Of note: The Rebels have generated more than 30 sacks in each of Nix's three seasons as defensive coordinator. They finished with 31 last season, 36 in 2009 and 39 in 2008. ... Nix, 38, got his first job as a defensive coordinator in 2001 at Southern Miss when he was just 29, making him the youngest Division I-A defensive coordinator in the country. ... In 2003, Nix was a finalist for the Broyles Award, which is given annually to the nation's top assistant coach. ... He played collegiately at Southern Miss from 1990-93 and was a standout linebacker. He was inducted in 2003 into the Southern Miss M-Club Hall of Fame. ... Former Florida coach Urban Meyer tried to hire Nix as the Gators' defensive coordinator when Charlie Strong took the head coaching job at Louisville following the 2009 season, but Nix stayed put at Ole Miss and received a hefty raise. He made $500,000 last season and will earn $550,000 in 2011.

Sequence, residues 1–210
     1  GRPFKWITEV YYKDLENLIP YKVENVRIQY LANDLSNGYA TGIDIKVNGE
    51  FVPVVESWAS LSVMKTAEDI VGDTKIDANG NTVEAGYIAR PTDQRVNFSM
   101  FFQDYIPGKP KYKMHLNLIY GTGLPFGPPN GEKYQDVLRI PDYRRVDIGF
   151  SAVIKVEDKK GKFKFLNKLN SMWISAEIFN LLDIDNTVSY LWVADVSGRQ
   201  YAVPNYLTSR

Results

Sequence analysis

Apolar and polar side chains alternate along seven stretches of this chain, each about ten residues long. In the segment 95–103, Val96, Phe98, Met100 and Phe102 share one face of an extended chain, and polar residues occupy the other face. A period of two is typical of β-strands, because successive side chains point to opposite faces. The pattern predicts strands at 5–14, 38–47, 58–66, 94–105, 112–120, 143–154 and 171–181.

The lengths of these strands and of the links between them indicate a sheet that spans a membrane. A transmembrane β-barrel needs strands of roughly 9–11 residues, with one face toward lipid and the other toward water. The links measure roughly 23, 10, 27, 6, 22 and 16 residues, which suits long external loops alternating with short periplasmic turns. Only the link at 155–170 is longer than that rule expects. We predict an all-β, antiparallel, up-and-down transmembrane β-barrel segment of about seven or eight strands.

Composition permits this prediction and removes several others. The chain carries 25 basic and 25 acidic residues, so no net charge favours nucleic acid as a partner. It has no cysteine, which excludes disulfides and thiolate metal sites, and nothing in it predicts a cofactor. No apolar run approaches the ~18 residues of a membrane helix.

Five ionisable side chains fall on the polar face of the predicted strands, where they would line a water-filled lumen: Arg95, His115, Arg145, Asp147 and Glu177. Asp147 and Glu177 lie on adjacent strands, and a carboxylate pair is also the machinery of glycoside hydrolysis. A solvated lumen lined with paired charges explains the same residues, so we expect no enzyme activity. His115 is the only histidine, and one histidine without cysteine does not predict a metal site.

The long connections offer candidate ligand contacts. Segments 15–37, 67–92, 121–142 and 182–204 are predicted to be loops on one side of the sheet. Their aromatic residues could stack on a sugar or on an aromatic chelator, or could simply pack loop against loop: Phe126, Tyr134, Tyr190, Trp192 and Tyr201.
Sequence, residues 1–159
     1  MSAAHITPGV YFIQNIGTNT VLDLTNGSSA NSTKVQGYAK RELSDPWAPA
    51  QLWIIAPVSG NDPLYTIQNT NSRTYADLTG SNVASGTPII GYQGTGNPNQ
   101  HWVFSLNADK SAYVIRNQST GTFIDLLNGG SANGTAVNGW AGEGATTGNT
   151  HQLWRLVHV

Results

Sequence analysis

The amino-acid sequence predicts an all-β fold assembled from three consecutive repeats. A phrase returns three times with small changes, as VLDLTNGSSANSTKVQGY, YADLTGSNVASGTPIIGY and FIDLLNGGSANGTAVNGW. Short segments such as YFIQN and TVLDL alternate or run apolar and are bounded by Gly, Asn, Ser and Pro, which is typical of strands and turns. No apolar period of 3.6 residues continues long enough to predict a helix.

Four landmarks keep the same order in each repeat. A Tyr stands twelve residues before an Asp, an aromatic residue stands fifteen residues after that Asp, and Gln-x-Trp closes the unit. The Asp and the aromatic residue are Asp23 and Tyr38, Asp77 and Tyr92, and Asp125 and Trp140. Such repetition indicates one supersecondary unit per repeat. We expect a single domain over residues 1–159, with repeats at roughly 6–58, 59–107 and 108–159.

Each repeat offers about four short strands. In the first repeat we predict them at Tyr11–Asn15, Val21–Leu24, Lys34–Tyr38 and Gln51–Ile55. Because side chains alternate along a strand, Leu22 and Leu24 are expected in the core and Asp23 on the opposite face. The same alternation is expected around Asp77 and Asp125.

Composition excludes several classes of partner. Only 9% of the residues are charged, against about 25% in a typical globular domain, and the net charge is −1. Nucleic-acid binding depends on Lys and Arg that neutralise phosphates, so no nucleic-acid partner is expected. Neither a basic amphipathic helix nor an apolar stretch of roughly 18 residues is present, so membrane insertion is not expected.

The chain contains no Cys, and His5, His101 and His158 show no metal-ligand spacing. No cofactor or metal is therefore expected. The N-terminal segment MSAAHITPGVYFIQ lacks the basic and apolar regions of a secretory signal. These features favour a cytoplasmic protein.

His challenge: The Ole Miss defense took it on the chin last season, finishing 11th in the SEC in total defense and giving up just under 400 yards per game. Not much went right for Nix and the Rebels' defense, which was decimated by injuries and inexperience in the secondary. The Rebels gave up 24 touchdown passes and intercepted only six passes. Nix's first order of business in 2011 is seeing to it that his team rekindles that same edge and attacking, aggressive style that epitomized the 2008 and 2009 Ole Miss defensive units. Somewhere along the way, the Rebels lost that edge a year ago. And as linebackers coach, Nix faces a major rebuilding task. His top returning defender, junior D.T. Shackelford, tore up his knee in the spring and isn't expected back this season. Shackelford was the Rebels' weak side linebacker and also lined up some at defensive end. If that's not enough, sophomore linebacker Clarence Jackson was kicked off the team in May following his second arrest in nine months. Jackson ended the spring as the starter at weak side linebacker. The Rebels had already lost a pair of senior starters at linebacker from a year ago -- Jonathan Cornell and Allen Walker. Nix is high on sophomore Mike Marry and junior Joel Kight, but there's not much in the way of proven depth at linebacker. Incoming true freshman C.J. Johnson will almost certainly have to play right away. It helps that defensive end Kentrell Lockett was granted a sixth year of eligibility by the NCAA, but he's coming off a serious knee injury. The Rebels could really use big years from a couple of junior college transfers, namely nose guard Gilbert Pena and cornerback Wesley Pendleton, and it's a defense that needs something good to happen early to help build some momentum. Last season, it was just the opposite. The bottom fell out in that season-opening 49-48 overtime loss to Jacksonville State, and it was a struggle the rest of the way for Nix's guys.